This year’s awards program seems to verify trends seen in previous years, trends that appear to still be registering the reverberations of the downtown in the construction industry, which is yet climbing out of its slump. The trend over the past year has been an uptick in the number of projects submitted in the renovation and restoration categories. This year, 23 projects were submitted in these categories, attesting to the stamina of this kind of work. It appears that many congregations are choosing to renovate or restore existing facilities rather than build anew. Even in the category of new facilities, many projects were new construction connected to existing buildings. This might be a long-term trend in working for religious clients. It has been reported that donations to religious groups have dropped in recent years while charitable donations to non-religious organizations have grown. Studies have cited declining membership in organized religion as part of the reason; such shortfalls appear to be having an impact on more religious groups opting for renovating existing facilities rather than building new ones.

This year’s awards jury noted that the stronger projects in the submissions were in the remodeling and restoration categories. The jury was particularly impressed with the number of older buildings that had been rescued from complete destruction. Several projects, and a number of award winners, were facilities that had closed or been abandoned. This bodes well for the existing religious building stock.

The 2013 Religious Art and Architecture Awards Jury

The 2013 Religious Art and Architecture Awards Jury, left to right: Frank Harmon (architect); Terry Byrd Eason (liturgical designer); Joan Soranno (architect); Rev. W. Joseph Mann (clergy and jury chair); Fr. John Giuliani (artist).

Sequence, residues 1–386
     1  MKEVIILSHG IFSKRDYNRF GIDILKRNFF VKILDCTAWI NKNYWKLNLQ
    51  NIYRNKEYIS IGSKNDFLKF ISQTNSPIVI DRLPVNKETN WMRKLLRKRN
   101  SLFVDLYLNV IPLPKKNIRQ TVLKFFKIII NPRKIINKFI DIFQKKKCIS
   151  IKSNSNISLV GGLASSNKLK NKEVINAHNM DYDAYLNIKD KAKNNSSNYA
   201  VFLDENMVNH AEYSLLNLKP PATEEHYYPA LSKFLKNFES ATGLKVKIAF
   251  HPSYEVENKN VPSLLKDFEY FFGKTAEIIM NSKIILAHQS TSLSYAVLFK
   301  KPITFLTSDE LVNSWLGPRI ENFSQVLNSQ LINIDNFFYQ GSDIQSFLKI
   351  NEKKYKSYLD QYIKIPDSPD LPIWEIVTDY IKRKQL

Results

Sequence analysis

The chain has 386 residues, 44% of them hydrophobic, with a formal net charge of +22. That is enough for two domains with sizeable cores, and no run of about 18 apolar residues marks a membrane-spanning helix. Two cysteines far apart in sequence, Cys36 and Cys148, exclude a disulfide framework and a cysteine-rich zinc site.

When asked what new trends stood out among this year’s submissions, the jurors were unanimous in their appreciation for simple, modest projects executed with an impressive level of skill and attention to detail. For example, a former welding shop that was no more than a sheet-metal building was transformed into a Greek Orthodox church with a strong modernist vocabulary. The jurors remarked on the encouraging number of projects that made the most out of slim budgets. Tiny existing houses of worship built of local, indigenous materials were revived as “a gesture of faith,” as one juror described it. Several projects were at the scale of rural churches, providing new environments for long-standing congregations. There was a dearth of “big box” churches submitted, which might reflect recent declines in that genre, as well as the low priority in these buildings regarding quality design.




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